Note that early IF didn’t really even attempt narrative: Zork and Colossal Cave are puzzlefests with very little or no narrative to link the puzzles together or even consistency between the puzzles or in the setting. Zarf’s recent Hadean Lands is a puzzle-game with a very consistent setting and a consistent conceit with regard to the puzzles, but no narrative in the actual gameplay. There is a narrative hinted at with clues you find during the gameplay, but you the player don’t really progress through it. In other words, it’s more lore than narrative. This is more similar to how non-text games like Dark Souls work. That game has meticulously crafted gameplay and a rich setting to explore, but your explorations don’t really advance any narrative and though there is a rich lore that can be discovered through the setting and by picking up hints during your gameplay, it’s not necessary to enjoyment of the game. IF can function in this way as well.
CYOA works kind of like a short story collection. The setting and characters and overall goal are established, and within that the author has written multiple stories. You get to choose which story to read, not by perusing a table of contents, but by making choices within the setting. There’s a sense in which this is more ‘reading’ than ‘gaming’, but I think that distinction is a little tiresome. Certainly some CYOA is intended to be just reading; some, like 80 Days or Ultra Business Tycoon III or – going back to print – Joe Dever’s Lone Wolf books, have light-weight RPG-like systems layered over the choice tree. Some, like Fallen London, have dense RPG systems layered over the top.
Anyway, all this is to say that IF, while it certainly operates within the constraints of its user interface, does not fulfill a particular genre role or a particular way of approaching narrative. It can be meta, puzzley, RPG-like, entirely narrative, a collection of stories, entirely non-narrative, etc. In other words, it embodies many of the approaches non-IF interactive media uses to convey a world to the reader.
People enjoy passive, mindless entertainment. Like watching movies, listening to (simple) music. At most reading a book, as boring that may sound. Or mindless clicking/tapping through games and see where it gets you.
Interactive fiction, requiring that the player reads and understands what is going on and actually gets in the shoes of a character and makes an effort to think like the character would, will clearly never be as engrossing. This is what RPG really is about, rather than countless battle scenes in fantasy settings…
Now, it certainly could go a step further and actually shape the tale to the player actions. So far, most IF has been about the player funneling through the author’s story, all the while perhaps hitting a few dead ends… sure, it works really well in engaging the player, but not as it interactive as it could eventually truly get…
Great analysis! And ok, I will play Photopia, Hadean Lands and Floatpoint, eventually, and see those differences by my self. Seems true that there are many approaches to write IF and this is a good thing because I think this makes only true artists can write good IF.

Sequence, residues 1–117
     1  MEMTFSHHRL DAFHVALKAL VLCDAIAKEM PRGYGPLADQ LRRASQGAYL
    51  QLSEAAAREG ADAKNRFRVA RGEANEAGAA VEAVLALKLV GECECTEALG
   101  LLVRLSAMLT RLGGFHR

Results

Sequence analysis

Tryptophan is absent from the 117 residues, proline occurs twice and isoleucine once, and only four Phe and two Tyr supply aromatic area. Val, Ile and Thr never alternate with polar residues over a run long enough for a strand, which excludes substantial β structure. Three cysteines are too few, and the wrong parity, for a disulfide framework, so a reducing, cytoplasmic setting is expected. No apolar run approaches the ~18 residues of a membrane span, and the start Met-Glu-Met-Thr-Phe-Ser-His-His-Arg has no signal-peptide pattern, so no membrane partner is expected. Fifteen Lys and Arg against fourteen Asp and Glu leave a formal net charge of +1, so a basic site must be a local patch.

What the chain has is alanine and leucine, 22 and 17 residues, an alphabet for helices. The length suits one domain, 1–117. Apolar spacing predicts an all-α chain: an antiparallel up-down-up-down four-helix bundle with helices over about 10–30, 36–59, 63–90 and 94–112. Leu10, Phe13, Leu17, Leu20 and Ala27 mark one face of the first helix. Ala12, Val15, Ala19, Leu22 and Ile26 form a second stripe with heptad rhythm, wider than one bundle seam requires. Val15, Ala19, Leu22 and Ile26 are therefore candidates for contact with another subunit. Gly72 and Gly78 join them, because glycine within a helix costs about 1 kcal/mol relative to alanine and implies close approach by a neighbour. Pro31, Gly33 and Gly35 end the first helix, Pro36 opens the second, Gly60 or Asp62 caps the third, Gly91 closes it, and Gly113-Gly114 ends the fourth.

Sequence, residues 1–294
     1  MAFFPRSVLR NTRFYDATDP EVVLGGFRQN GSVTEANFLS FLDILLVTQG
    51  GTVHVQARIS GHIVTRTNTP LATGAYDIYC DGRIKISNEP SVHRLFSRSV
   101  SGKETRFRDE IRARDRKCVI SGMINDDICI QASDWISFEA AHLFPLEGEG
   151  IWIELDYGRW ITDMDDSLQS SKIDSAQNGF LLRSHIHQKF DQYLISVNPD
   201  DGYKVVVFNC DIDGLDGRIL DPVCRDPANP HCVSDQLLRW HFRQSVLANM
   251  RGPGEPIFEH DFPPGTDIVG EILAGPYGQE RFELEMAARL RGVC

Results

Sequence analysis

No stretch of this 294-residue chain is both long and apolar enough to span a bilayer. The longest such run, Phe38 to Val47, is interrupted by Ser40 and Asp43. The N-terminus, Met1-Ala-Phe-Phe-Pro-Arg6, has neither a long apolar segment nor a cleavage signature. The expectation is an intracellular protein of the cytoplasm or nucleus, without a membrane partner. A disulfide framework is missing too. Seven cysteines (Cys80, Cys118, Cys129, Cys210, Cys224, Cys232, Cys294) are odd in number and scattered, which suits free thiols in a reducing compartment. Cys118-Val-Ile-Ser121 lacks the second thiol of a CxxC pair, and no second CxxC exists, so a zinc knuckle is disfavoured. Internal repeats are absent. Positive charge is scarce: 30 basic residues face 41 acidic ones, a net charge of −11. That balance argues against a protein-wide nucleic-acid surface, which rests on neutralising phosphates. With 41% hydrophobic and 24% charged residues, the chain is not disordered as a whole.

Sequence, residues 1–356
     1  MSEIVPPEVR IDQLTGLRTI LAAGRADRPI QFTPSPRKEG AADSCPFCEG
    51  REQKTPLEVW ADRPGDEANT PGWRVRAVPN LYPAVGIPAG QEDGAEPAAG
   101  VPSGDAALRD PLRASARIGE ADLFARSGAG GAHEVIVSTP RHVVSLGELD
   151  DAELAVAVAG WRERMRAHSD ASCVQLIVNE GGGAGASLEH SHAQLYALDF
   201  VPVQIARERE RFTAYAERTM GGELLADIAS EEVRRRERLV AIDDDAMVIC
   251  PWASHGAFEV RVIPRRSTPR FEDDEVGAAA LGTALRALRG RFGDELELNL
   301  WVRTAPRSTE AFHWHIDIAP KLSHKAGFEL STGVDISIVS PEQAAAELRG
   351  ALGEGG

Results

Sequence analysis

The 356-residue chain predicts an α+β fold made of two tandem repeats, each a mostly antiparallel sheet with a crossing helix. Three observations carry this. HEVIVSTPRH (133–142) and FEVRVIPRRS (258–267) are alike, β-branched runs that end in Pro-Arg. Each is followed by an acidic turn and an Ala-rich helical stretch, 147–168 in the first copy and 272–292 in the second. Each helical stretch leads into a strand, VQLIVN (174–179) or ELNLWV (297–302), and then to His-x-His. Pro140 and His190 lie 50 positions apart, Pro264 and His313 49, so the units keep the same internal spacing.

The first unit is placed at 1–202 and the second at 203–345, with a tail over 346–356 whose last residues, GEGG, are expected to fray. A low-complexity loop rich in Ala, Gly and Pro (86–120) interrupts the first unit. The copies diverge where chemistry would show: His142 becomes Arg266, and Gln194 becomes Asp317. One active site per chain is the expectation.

I recently played Emily Short’s Bee and a few Choice of Games titles and they all seemed to me good examples of strong narrative with cyoa-like or storylets interactivity. I’m playing Aaron Reed’s Blue Lacuna which has plenty of interactivity for being written for a parser system (and due to Reed’s talent, of course) and I think you have narrative here, not only lore… Well I still need to finish it.
Yes, that is, funneling the reader through the author’s story seems active for the reader but not interactive as one could expect. And yes, reading is about deciphering graphic symbols and it’s tiresome, not for everyone, harder than hearing a story or watching images.
Writing IF seems a lot of work, authors want a stand-alone interactive work for anyone, not interactivity for a particular audience while they perform.
For myself, it’s the combination of programming, writing, story-telling, and puzzle-making. This is more from a creators perspective. From a players perspective, I’ve always preferred the “traditional” Infocom styled games like Babel and Savoir Faire along with the original Zork and Enchanter series’.
I always wish I had more time to dedicate to creating or playing.
I realise that I’m late to this thread (didn’t notice it until now), but…
I can easily imagine those people around the campfire to be active, making that storytelling more interactive than anything we can create with computers. If that was the case thousand of years ago, I have no idea, but I can imagine it. I know that there are people who argue that the concept of a passive audience is the more recent one. (That was in relation to music, but it can be applied to storytelling too.)
Ayn Rand (Yes, I know) wrote a play in which the audience would vote on outcomes in the late forties, before she was known as a (terrible) novelist. Dungeons & Dragons, and therefore the tradition that would become storytelling games, is significantly older (if you count in terms of wide adoption) than computer games. Certainly there is a long literary/artistic tradition of the cadavre esquis. And I suspect that call-and-response storytelling, especially for children, has been along forever. The idea of storytelling-as-game is so obvious that early 20th century anthropologist Huizinga in his classic work on games, Homo Ludens, barely bothers to define boundaries between games, children’s play such as make-believe, and theatre.